He is saying here that stopping wars is second to the financial gain of the residents. Both James Kirkup and Wilfred Owen want was to be a thing of the past, but they think this cannot happen if the people are more interested in the heroism and bravery of war compared to the rehabilitation and reality of war. Both poets believe war to be unacceptable. War has left them without hope because of the memories that they have. After wars, the feeling of the town is cold and dead. A distressing scene is left to rot, but for what reason? “A hideous pile, the Atomic Bomb Explosion Centre, freezing cold. ”

Neither of the poets believes that war is the answer, and after the bomb on Hiroshima, the reader gets a view of the waste of life and the mindless destruction of earth that war creates. There are many references to ‘cold’ throughout “No More Hiroshimas” and this gives the reader a view of the silence and abandonment of not only the town, but also the victims. These two poets love their fellow man, and want their poems to help stop war altogether.

Wilfred Owen, in his poem “Strange Meeting” meets someone (who might be himself) in a dream or nightmare, and even though they are at war, he loves him as he loves himself. I am the enemy you killed, my friend” (Strange Meeting) The situations of the two poets in each of their poems are different. Wilfred Owen is in the war, in his own vision of hell, but in contrast, James Kirkup is seeing the war from a distance and is considering his viewpoint a while after the actual war. Wilfred Owen sees the war first hand, and sees the suffering that his colleagues are dishing-out. James Kirkup sees that shallowness of the people who are scavenging off the memorials of the deceased, and are using the war as a source for their own gain.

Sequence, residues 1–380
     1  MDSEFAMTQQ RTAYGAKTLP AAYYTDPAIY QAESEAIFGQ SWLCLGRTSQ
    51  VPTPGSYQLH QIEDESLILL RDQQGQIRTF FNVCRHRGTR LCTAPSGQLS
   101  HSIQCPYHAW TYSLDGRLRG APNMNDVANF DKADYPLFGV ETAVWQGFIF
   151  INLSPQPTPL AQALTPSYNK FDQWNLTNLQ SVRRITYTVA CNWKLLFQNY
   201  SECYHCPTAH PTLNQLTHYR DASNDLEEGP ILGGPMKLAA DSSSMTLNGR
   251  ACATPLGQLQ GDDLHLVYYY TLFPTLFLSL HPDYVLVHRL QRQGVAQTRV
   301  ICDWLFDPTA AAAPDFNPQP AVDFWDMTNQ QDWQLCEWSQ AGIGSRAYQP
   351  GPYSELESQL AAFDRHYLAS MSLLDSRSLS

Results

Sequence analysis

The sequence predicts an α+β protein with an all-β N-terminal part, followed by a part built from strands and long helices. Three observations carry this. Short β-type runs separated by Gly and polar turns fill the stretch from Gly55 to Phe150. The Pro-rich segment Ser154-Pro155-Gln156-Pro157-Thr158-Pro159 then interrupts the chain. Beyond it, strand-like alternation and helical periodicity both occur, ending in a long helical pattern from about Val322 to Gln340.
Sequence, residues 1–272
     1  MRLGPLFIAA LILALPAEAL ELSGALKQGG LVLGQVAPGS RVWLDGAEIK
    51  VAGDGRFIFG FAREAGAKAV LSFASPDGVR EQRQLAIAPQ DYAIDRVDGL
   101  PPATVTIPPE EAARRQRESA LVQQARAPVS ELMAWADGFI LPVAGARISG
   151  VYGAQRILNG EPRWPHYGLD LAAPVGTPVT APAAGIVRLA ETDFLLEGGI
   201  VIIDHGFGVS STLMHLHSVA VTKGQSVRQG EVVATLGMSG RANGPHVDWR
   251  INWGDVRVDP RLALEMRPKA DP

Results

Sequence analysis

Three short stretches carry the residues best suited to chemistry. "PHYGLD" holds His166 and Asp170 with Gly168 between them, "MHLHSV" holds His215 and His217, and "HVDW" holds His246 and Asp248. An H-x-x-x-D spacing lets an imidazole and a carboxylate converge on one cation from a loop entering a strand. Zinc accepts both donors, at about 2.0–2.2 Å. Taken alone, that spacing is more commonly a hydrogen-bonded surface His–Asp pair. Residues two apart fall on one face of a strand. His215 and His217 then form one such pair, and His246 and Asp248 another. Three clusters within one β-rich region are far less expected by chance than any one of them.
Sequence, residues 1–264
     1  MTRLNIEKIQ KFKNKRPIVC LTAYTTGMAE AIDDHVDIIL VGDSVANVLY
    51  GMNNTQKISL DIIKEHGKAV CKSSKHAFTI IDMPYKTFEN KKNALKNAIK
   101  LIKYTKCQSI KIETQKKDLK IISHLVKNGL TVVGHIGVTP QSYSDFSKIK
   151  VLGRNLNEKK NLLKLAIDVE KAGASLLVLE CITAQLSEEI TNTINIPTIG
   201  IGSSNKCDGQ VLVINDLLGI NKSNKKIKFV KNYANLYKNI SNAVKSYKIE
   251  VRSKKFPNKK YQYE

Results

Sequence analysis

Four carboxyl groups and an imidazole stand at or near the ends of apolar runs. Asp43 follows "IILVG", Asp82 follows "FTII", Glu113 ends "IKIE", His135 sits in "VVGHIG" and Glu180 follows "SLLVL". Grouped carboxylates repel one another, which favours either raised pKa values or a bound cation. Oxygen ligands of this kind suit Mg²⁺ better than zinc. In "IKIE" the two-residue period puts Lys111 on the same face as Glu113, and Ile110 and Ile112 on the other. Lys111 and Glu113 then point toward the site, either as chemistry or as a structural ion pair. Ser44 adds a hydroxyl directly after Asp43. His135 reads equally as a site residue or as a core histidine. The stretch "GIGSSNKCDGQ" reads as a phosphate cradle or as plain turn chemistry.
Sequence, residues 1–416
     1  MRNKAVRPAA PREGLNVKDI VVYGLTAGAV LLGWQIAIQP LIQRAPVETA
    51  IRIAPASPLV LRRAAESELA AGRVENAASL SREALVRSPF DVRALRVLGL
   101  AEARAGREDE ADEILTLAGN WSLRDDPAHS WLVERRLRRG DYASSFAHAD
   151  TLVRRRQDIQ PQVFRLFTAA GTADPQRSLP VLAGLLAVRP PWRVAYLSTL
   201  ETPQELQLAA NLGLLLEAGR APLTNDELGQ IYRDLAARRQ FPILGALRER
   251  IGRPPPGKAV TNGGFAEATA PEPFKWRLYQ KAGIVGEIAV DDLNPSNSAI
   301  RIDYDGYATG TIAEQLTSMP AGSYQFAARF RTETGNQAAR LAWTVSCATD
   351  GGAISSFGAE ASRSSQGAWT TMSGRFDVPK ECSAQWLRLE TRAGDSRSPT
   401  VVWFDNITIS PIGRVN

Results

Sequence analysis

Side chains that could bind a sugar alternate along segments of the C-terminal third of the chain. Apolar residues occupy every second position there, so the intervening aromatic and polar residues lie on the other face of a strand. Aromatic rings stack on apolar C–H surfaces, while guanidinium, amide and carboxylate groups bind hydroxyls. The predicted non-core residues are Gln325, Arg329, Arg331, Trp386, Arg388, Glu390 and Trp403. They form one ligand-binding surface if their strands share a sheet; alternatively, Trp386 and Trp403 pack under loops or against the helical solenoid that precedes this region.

Both of these poets want the real truth to be known to everyone, so that they can realise the pity of war. The real truth is not being told, and because of this, wars keep occurring, and the true facts are never known. “I mean the truth untold, the pity of war, he pity of war distilled” (Strange Meeting) The genuine truth of war is being watered down so that it can be made easier to understand; yet due to this lack of knowledge, the souvenir shops and tourist trade is increasing and depicting war like it is in a Hollywood film, and they forget the true distress and agony of war.

Let it remain like this, for all the world to see, without nobility or loveliness, and dogged with shame that is beyond all hope of indignation. ” (No More Hiroshimas) There is no respect in the “souvenir-shops piled with junk” and the pity of war is that people are so shallow that they try to cover over all that has happened with the “shallow permanence” of souvenirs and tourism In conclusion, I believe James Kirkup’s poem, “No More Hiroshimas” to be the poem that speaks most clearly to me because it is a more direct and graphic portrayal of the suffering of war.

He explains in more detail the superficiality of the residents, and the touching memorials of the victims give the reader a more vivid depiction of how people endured the war. Wilfred Owen has a more indirect approach and shows the reader the hell of war, but James Kirkup gives the reader real life examples and his simple language makes it much clear for the reader to truly understand the pity of war.